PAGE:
I have found in my life that the universe or possibly even my wife has a way of pushing you in the direction that you should go. As a kid my parents strongly encouraged me to develop my entrepreneurial skills — they encouraged me to start businesses and keep accurate records along the way. They are both CPA’s, so yes, I even learned a little double entry accounting as a kid.
I had to help pay my way through college, so that meant I had to balance getting my education with work. As I worked a series of college jobs, I knew they weren’t for me. I finally went to work for a man who would become a friend and a mentor — Dave Fairbanks — at what at the time was the Covey Leadership Center. It was a sales job and I made some great money working part-time there while continuing to attend school full-time. Then opportunity came knocking.
At the time I was in the PR program at my school but I knew I had two more years to go. Ken Shelton at Executive Excellence Publishing helped the Covey Leadership Center and other business and personal development authors with their publishing. Ken gave me the opportunity to come over and help with the publicity and the roll-out of the books he was publishing. Together with Trent Price, I worked hard to manage the process of gaining positive publicity and reviews of our catalog. That meant I traveled quite a bit for the company while continuing to go to school full-time. My Mom jokes to this day that she would call me to ask about how school was and she would always start the conversation with “where are you this week?” It was true. I did gain a high level of experience in planning and implementing the projects assigned to me.
After I graduated, I worked two jobs focused on marketing and PR. At the second, at Phone Directories Company, I was the first Director of Marketing employed by the company. This was a $150 M company, but they had always left the decisions related to advertising and brand management to their local and regional managers. As you can imagine, this produced a huge variety of logos, ads, strategies, and processes. I was tasked with unifying the brand, assisting the local and regional managers with the sales and publicity roll-outs, and event planning. I worked as part of the executive management team to formulate and implement the strategic vision of the company. Many of my print and broadcast ads won awards from the YPPA. I saved the company real money because I got involved at the local level in negotiating contracts with the companies we advertised with. I standardized the processes used by my department to save the local and regional managers time in formulating a marketing plan for each of their market areas — time they used to focus on the management of their sales team.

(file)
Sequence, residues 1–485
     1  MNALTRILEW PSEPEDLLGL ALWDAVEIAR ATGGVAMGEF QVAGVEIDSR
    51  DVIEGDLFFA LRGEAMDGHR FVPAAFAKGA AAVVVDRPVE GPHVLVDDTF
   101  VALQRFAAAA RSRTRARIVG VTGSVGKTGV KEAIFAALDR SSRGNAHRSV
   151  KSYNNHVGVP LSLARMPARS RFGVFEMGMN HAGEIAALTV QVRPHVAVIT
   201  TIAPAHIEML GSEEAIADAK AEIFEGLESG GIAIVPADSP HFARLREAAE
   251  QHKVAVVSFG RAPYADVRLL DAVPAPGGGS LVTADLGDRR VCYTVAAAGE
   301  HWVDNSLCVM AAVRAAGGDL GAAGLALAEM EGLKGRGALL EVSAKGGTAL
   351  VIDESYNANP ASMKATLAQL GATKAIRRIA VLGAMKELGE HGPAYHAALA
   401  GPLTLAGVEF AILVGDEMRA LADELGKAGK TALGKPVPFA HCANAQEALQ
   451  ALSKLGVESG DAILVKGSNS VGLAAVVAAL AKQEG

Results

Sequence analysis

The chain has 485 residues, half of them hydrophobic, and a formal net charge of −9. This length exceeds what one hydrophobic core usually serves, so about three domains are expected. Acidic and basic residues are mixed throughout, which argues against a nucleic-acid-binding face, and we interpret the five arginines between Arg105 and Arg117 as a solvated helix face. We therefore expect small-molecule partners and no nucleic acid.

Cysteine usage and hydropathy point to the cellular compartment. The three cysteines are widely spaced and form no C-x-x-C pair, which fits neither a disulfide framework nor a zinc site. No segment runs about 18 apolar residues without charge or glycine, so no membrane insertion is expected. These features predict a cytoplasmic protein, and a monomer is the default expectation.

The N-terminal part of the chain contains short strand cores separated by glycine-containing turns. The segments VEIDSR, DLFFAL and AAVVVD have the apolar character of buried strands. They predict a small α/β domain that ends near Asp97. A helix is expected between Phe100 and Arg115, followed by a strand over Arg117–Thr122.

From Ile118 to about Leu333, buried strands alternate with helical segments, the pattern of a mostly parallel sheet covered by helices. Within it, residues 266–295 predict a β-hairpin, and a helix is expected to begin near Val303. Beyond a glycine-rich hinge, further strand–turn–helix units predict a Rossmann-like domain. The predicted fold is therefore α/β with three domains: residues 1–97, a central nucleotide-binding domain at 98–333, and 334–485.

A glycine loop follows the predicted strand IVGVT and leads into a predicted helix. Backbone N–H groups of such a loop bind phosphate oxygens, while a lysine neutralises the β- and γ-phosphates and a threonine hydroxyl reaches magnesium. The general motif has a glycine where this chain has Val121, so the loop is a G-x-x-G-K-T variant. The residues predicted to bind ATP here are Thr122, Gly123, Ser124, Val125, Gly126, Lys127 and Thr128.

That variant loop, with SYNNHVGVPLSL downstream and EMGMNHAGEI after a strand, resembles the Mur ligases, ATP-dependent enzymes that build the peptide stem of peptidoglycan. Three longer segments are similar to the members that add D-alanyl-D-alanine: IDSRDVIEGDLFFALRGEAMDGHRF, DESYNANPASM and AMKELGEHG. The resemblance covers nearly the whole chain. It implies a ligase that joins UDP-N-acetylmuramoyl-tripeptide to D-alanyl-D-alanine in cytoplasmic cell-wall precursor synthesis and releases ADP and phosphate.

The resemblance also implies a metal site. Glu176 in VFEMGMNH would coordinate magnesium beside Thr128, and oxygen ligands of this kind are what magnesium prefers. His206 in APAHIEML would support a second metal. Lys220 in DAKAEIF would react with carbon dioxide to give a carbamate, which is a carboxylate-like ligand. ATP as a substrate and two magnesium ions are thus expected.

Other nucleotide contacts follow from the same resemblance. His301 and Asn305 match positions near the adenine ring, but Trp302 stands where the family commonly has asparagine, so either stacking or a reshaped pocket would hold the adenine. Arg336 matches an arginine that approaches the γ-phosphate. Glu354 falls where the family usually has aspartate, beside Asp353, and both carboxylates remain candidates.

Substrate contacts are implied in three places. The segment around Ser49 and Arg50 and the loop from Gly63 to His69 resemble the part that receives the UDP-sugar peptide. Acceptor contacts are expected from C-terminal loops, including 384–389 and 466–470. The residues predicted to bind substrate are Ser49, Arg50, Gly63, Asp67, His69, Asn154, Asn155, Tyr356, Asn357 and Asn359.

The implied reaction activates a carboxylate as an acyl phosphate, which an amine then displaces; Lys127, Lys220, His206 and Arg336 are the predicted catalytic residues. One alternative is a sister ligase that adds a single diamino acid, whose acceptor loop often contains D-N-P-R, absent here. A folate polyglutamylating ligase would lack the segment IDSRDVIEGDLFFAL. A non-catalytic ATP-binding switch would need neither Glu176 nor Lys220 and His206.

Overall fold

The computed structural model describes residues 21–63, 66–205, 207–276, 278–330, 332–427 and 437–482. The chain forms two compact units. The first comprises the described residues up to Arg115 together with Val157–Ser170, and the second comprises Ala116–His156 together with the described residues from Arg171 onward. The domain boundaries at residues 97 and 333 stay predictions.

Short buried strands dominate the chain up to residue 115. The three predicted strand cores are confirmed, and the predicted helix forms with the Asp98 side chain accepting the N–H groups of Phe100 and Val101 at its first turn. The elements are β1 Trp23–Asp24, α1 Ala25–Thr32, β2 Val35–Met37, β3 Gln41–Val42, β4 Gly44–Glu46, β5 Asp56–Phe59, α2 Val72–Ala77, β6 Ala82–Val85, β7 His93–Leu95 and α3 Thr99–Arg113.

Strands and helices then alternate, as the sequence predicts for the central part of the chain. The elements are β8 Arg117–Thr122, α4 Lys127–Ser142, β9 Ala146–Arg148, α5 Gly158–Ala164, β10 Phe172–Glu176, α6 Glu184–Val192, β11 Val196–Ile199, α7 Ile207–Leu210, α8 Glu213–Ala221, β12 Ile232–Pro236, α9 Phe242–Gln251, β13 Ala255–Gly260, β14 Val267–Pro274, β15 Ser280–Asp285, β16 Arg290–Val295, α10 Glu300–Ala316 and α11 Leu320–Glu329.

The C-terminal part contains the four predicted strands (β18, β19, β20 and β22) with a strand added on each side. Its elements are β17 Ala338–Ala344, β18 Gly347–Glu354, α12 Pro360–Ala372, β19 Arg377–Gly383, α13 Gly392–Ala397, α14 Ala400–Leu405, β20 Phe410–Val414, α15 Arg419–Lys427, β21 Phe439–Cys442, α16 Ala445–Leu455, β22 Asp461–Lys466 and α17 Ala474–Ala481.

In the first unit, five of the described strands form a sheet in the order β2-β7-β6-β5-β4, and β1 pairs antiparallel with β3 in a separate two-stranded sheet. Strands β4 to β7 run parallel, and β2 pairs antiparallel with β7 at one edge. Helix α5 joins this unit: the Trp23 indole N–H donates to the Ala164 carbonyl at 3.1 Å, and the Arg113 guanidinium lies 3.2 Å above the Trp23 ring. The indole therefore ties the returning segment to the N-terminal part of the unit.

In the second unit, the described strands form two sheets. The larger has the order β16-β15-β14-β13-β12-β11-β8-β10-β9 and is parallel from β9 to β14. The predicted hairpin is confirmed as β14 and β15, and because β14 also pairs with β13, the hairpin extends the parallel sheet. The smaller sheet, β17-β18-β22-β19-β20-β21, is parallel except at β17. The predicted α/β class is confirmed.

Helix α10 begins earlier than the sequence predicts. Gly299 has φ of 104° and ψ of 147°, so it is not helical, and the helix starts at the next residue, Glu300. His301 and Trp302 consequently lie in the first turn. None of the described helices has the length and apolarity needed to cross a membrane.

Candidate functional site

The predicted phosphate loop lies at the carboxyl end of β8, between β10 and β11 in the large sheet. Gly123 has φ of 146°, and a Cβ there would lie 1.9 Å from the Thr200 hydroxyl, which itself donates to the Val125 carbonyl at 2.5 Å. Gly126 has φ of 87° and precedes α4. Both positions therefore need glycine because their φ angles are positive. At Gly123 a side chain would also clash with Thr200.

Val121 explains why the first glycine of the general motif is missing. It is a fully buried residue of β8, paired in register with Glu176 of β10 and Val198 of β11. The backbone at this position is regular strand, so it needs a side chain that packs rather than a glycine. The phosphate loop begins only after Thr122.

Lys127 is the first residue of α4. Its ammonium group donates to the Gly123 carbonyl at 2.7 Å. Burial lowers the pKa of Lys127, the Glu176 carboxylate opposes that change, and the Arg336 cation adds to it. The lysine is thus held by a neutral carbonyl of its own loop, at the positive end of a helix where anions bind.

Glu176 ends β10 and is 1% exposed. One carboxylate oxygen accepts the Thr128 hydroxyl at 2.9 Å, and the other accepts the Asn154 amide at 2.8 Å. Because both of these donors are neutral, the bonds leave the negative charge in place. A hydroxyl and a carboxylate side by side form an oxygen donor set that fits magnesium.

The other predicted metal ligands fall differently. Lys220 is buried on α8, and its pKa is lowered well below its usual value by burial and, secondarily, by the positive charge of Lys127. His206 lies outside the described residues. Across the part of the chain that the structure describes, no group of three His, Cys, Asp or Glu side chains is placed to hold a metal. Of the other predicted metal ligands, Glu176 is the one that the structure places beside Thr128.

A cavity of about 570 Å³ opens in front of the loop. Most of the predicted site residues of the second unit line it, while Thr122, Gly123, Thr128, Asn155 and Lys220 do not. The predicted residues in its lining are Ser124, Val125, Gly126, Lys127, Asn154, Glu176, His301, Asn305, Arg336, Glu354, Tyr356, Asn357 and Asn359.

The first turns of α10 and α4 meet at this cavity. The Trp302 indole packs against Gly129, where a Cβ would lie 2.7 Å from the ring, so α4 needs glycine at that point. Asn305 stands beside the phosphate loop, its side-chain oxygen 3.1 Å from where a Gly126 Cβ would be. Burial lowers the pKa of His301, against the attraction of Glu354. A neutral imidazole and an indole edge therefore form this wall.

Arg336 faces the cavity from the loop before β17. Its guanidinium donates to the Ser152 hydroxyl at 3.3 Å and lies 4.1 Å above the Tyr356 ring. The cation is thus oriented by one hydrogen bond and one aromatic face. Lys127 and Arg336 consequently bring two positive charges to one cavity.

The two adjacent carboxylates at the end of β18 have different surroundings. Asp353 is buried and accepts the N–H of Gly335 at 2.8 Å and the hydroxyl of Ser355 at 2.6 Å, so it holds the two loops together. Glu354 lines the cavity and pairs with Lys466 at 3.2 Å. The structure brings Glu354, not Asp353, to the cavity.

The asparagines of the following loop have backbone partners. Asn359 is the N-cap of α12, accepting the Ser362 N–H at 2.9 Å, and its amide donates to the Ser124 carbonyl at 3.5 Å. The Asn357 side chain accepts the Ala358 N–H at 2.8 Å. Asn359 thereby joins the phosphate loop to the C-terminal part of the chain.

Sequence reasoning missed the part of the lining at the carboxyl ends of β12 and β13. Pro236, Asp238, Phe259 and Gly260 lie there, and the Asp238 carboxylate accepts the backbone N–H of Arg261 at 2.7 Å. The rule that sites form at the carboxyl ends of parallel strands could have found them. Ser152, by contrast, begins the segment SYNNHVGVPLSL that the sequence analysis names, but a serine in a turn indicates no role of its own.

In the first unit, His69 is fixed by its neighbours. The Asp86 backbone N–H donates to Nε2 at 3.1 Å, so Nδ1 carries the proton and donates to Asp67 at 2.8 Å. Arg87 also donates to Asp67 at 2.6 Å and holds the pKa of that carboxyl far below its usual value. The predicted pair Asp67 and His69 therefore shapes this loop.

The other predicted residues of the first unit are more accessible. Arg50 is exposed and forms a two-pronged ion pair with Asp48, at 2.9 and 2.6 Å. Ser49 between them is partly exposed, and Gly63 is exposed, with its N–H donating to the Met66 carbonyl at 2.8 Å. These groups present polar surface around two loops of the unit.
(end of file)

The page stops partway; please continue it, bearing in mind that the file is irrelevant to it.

After a couple of years at this job, I left to start my own business with my buddy Bruce Sorensen. In 2000 we started a company that was focused on filling a niche of assisting school districts and community based organizations with the submission of grants to the Federal government. We were immediately successful in getting funding for our clients, but where they really needed assistance was in the implementation and evaluation of their approved programs.
Since then, we have specialized in providing guidance and leadership to these groups in implementing system-wide improvements. We have helped our project directors within the organization with creating a project scope, budget, evaluation plan, identifying and recruiting stakeholders, and gaining approval from required administrators. In developing a project management plan, we have created a work breakdown structure (WBS), defined and sequenced related activities, developed the implementation schedule, identified risks and created a risk management plan, and conducted process and product evaluations.
As part of the implementation of the project management plan, we have helped project directors through training their staff in project requirements, monitored the progress of the project in meeting the defined goals and objectives, and determined when the project met the intended outcomes. In 13 years, I have written thousands of pages of reports that were submitted to the Federal government and to district and community leadership. It is a source of great pride that every organization I have worked with has completed their projects on time and within budget. With over $100 M awarded to my clients, this has been no easy task.
This is the role I am in right now. I love my job and the people I get to work with. I have worked with some of the largest and smallest school districts and CBO’s in the country and without exception, my experience has been a positive one. Through trial and error I have acquired a skill set that can be applied in any industry — the skills of project management are universal. I think this is one of the most challenging and rewarding industries in our day and time and I find the new challenges that I am presented with keep me engaged and enthusiastic about what I do.